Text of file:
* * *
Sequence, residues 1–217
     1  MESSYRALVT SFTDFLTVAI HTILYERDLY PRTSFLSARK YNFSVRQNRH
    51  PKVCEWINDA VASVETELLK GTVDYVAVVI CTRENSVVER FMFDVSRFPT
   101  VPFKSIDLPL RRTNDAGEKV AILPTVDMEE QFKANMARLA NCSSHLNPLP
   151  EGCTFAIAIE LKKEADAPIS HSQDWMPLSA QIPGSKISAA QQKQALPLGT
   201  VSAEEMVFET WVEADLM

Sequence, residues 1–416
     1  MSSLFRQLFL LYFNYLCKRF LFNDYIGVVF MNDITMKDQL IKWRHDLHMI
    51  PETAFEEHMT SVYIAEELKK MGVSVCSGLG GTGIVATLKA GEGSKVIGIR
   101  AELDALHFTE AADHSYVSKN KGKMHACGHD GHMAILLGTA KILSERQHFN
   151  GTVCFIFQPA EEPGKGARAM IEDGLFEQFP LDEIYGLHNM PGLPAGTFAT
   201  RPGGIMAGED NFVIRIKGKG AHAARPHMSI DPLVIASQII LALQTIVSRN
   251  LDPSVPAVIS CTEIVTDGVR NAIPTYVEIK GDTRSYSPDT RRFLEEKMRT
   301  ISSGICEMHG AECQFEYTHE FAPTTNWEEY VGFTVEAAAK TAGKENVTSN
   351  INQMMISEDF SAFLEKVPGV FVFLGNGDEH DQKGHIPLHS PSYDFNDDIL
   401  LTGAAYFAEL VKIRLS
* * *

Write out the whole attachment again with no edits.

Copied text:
Sequence, residues 1–217
     1  MESSYRALVT SFTDFLTVAI HTILYERDLY PRTSFLSARK YNFSVRQNRH
    51  PKVCEWINDA VASVETELLK GTVDYVAVVI CTRENSVVER FMFDVSRFPT
   101  VPFKSIDLPL RRTNDAGEKV AILPTVDMEE QFKANMARLA NCSSHLNPLP
   151  EGCTFAIAIE LKKEADAPIS HSQDWMPLSA QIPGSKISAA QQKQALPLGT
   201  VSAEEMVFET WVEADLM

Sequence, residues 1–416
     1  MSSLFRQLFL LYFNYLCKRF LFNDYIGVVF MNDITMKDQL IKWRHDLHMI
    51  PETAFEEHMT SVYIAEELKK MGVSVCSGLG GTGIVATLKA GEGSKVIGIR
   101  AELDALHFTE AADHSYVSKN KGKMHACGHD GHMAILLGTA KILSERQHFN
   151  GTVCFIFQPA EEPGKGARAM IEDGLFEQFP LDEIYGLHNM PGLPAGTFAT
   201  RPGGIMAGED NFVIRIKGKG AHAARPHMSI DPLVIASQII LALQTIVSRN
   251  LDPSVPAVIS CTEIVTDGVR NAIPTYVEIK GDTRSYSPDT RRFLEEKMRT
   301  ISSGICEMHG AECQFEYTHE FAPTTNWEEY VGFTVEAAAK TAGKENVTSN
   351  INQMMISEDF SAFLEKVPGV FVFLGNGDEH DQKGHIPLHS PSYDFNDDIL
   401  LTGAAYFAEL VKIRLS